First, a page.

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Ethical Chic: The Inside Story of the Companies We Think We Love
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Published:
Beacon Press 2012
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Description
How popular companies like Apple and Trader Joe’s project a hip, progressive image—and whether we should believe them

Consumers are told that when they put on an American Apparel t-shirt, leggings, jeans, gold bra, or other item, they look hot. Not only do they look good, but they can also feel good because they are helping US workers earn a decent wage (never mind that some of those female workers have accused their boss of sexual harassment). And when shoppers put on a pair of Timberlands, they feel fashionable and as green as the pine forest they might trek through—that is, until they’re reminded that this green company is in the business of killing cows. But surely even the pickiest, most organic, most politically correct buyers can feel virtuous about purchasing a tube of Tom’s toothpaste, right? After all, with its natural ingredients that have never been tested on animals, this company has a forty-year history of being run by a nice couple from Maine . . . well, ahem, until it was recently bought out by Colgate.
 
It’s difficult to define what makes a company hip and also ethical, but some companies seem to have hit that magic bull’s-eye. In this age of consumer activism, pinpoint marketing, and immediate information, consumers demand everything from the coffee, computer, or toothpaste they buy. They want an affordable, reliable product manufactured by a company that doesn’t pollute, saves energy, treats its workers well, and doesn't hurt animals—oh, and that makes them feel cool when they use it. Companies would love to have that kind of reputation, and a handful seem to have achieved it. But do they deserve their haloes? Can a company make a profit doing so? And how can consumers avoid being tricked by phony marketing?
 
In Ethical Chic, award-winning author Fran Hawthorne uses her business-investigative skills to analyze six favorites: Apple, Starbucks, Trader Joe’s, American Apparel, Timberland, and Tom’s of Maine. She attends a Macworld conference and walks on the factory floors of American Apparel. She visits the wooded headquarters of Timberland, speaks to consumers who drive thirty miles to get their pretzels and plantains from Trader Joe’s, and confronts the founders of Tom’s of Maine. More than a how-to guide for daily dilemmas and ethical business practices, Ethical Chic is a blinders-off and nuanced look at the mixed bag of values on sale at companies that project a seemingly progressive image.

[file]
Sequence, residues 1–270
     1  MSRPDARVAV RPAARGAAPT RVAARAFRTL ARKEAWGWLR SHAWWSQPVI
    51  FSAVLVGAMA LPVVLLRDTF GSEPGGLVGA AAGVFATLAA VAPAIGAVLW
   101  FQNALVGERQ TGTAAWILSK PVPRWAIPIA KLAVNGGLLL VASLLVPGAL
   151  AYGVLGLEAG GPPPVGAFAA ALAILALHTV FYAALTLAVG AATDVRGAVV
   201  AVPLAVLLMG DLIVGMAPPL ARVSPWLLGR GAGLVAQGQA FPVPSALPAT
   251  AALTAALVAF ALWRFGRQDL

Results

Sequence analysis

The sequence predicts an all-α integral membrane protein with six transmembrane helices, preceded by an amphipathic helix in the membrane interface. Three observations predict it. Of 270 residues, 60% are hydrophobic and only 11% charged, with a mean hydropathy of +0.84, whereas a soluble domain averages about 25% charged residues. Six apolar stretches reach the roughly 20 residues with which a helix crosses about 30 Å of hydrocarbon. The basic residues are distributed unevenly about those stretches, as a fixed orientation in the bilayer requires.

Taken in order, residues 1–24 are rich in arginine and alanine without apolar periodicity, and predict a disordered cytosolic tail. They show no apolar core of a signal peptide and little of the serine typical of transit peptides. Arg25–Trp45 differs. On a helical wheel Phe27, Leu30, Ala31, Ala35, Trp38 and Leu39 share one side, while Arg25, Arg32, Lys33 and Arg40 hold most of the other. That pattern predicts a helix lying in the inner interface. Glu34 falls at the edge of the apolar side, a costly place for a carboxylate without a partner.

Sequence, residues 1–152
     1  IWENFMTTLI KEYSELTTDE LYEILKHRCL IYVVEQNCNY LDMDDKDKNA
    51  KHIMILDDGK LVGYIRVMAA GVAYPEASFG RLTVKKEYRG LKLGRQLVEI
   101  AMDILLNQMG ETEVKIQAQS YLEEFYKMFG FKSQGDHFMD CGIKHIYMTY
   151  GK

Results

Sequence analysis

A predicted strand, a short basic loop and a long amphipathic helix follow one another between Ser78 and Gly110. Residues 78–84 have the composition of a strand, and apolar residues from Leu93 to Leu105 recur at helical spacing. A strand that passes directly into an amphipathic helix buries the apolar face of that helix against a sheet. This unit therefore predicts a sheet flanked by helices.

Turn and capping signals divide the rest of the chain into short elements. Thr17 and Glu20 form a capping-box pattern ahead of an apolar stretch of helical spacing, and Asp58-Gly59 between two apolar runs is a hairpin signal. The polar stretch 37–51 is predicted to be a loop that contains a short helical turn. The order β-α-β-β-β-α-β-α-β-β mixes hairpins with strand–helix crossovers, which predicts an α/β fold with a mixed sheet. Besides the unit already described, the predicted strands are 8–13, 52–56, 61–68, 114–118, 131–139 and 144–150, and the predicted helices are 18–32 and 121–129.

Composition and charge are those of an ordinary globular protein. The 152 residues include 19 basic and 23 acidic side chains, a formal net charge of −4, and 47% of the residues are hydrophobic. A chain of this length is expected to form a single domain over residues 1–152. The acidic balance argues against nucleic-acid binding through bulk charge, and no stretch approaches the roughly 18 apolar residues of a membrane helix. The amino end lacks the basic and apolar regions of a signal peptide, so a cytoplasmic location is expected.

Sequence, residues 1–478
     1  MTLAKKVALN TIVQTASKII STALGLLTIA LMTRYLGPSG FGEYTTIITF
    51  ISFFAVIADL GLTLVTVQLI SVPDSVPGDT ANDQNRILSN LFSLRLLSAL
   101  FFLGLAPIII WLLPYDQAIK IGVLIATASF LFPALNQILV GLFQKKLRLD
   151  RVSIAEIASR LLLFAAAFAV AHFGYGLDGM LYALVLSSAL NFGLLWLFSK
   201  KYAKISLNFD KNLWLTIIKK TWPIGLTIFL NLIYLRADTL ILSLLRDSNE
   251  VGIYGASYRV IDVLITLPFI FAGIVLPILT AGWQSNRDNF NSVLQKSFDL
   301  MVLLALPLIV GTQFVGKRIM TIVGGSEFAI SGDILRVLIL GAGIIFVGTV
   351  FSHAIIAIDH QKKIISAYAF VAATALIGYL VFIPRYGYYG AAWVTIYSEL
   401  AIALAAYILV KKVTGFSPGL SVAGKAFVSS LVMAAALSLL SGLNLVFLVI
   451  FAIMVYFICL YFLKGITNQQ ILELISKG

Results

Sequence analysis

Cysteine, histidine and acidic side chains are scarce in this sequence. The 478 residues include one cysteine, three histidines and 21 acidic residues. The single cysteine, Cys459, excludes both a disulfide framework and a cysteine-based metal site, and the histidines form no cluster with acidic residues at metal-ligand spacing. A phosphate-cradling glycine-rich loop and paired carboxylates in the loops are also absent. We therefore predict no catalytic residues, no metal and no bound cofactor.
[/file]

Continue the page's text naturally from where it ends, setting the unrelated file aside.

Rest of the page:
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Format:
Adobe EPUB eBook, Kindle Book, OverDrive Read
Street Date:
06/19/2012
Language:
English
ISBN:
9780807000953
ASIN:
B005R8NBF6
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Citations
APA Citation (style guide)

Fran Hawthorne. (2012). Ethical Chic: The Inside Story of the Companies We Think We Love. Beacon Press.

Chicago / Turabian - Author Date Citation (style guide)

Fran Hawthorne. 2012. Ethical Chic: The Inside Story of the Companies We Think We Love. Beacon Press.

Chicago / Turabian - Humanities Citation (style guide)

Fran Hawthorne, Ethical Chic: The Inside Story of the Companies We Think We Love. Beacon Press, 2012.

MLA Citation (style guide)

Fran Hawthorne. Ethical Chic: The Inside Story of the Companies We Think We Love. Beacon Press, 2012. Web.

Note! Citation formats are based on standards as of July 2010. Citations contain only title, author, edition, publisher, and year published. Citations should be used as a guideline and should be double checked for accuracy.
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title
Ethical Chic
fullDescription
How popular companies like Apple and Trader Joe’s project a hip, progressive image—and whether we should believe them

Consumers are told that when they put on an American Apparel t-shirt, leggings, jeans, gold bra, or other item, they look hot. Not only do they look good, but they can also feel good because they are helping US workers earn a decent wage (never mind that some of those female workers have accused their boss of sexual harassment). And when shoppers put on a pair of Timberlands, they feel fashionable and as green as the pine forest they might trek through—that is, until they’re reminded that this green company is in the business of killing cows. But surely even the pickiest, most organic, most politically correct buyers can feel virtuous about purchasing a tube of Tom’s toothpaste, right? After all, with its natural ingredients that have never been tested on animals, this company has a forty-year history of being run by a nice couple from Maine . . . well, ahem, until it was recently bought out by Colgate.